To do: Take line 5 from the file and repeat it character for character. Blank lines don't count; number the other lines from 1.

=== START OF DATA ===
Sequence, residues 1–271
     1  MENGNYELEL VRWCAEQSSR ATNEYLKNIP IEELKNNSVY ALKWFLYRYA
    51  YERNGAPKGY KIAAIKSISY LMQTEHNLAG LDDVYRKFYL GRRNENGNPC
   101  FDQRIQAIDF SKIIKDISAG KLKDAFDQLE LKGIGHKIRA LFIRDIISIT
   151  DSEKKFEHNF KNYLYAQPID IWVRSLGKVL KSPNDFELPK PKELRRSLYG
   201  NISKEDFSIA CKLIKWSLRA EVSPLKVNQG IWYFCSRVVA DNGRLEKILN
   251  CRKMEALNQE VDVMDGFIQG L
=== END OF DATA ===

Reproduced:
   151  DSEKKFEHNF KNYLYAQPID IWVRSLGKVL KSPNDFELPK PKELRRSLYG